Conservatorship orders divide various parental rights and duties, including (1) the right to make major decisions regarding the children; (2) the right to have physical possession of the children; and (3) the duty to financially support the children among the parents after the divorce. The possessory conservator may be virtually eliminated from the process of making decisions concerning health, education and welfare. The sole managing conservator takes sole responsibility for a child, making all the important decisions regarding health (both mental and physical), education, and moral or religious upbringing alone.
Conservatorship is governed by state laws. For example, the legal presumption in Texas is that the parents should be named joint managing conservators, so that parental rights and responsibilities are divided between the parents or exercised by agreement. When joint managing conservatorship is awarded, the parties or the judge must decide on how to divide the rights and duties, which is written into the decree.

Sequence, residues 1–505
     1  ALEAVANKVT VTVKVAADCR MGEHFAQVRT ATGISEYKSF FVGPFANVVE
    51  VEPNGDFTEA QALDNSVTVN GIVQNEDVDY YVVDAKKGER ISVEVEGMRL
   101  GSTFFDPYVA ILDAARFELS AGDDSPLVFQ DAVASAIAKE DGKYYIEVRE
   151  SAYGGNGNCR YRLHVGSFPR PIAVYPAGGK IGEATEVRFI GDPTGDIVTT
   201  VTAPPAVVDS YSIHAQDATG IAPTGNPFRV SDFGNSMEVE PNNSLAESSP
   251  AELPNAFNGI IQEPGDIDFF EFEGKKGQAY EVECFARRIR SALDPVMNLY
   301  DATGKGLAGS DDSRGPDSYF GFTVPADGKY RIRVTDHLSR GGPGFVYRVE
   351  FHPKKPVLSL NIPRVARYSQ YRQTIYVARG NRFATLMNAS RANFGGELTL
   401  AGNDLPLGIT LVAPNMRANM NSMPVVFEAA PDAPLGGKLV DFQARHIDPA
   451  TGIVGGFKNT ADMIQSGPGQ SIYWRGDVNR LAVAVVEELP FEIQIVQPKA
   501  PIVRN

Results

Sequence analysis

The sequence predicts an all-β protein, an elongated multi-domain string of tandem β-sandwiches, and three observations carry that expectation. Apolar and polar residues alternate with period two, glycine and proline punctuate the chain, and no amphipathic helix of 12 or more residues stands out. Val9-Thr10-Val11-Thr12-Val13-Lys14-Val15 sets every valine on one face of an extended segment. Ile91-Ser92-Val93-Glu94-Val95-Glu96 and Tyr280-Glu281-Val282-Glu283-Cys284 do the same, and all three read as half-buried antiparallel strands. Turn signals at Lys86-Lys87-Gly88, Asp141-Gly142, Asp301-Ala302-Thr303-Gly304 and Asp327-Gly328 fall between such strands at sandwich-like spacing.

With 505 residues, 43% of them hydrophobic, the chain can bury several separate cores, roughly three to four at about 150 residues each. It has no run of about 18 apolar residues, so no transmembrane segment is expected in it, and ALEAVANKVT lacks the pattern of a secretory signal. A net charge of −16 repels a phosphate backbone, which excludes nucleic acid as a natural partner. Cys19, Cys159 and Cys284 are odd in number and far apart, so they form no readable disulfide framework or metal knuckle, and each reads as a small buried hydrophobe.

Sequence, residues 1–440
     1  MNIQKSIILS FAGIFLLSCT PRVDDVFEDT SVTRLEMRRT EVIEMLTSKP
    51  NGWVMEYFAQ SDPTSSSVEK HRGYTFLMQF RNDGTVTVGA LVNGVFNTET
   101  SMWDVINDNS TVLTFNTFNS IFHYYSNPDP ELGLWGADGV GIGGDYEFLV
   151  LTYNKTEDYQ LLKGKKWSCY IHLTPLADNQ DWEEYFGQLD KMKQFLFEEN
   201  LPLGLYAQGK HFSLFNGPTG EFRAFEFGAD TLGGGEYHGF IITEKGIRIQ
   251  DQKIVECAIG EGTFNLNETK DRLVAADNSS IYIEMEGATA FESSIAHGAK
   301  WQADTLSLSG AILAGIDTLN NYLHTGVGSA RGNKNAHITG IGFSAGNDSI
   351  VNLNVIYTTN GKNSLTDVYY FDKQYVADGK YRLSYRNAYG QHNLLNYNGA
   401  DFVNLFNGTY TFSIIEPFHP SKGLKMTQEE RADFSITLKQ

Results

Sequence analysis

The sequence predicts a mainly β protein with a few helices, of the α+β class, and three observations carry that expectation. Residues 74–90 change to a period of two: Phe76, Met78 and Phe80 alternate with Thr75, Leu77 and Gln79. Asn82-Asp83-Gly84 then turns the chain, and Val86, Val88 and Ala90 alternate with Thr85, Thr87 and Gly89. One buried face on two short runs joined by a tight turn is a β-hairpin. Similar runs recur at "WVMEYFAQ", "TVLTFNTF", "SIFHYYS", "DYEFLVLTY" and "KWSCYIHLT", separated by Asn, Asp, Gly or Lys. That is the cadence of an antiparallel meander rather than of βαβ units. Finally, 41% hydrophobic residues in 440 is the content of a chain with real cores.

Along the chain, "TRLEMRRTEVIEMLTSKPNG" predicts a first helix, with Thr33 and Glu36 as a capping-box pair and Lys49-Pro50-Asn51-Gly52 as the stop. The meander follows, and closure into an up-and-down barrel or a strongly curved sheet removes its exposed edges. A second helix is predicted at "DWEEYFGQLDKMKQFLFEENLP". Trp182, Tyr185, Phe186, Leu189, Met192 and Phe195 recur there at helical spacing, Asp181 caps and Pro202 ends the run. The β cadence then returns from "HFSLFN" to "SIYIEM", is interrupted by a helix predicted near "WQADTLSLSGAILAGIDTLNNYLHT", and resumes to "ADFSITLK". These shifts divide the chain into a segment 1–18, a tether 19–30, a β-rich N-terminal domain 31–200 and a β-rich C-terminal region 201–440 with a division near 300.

The following is an example of a law governing possessory and managing conservators:
Family Code § 153.005. Appointment of Sole or Joint Managing Conservator:
Family Code § 153.006. Appointment of Possessory Conservator: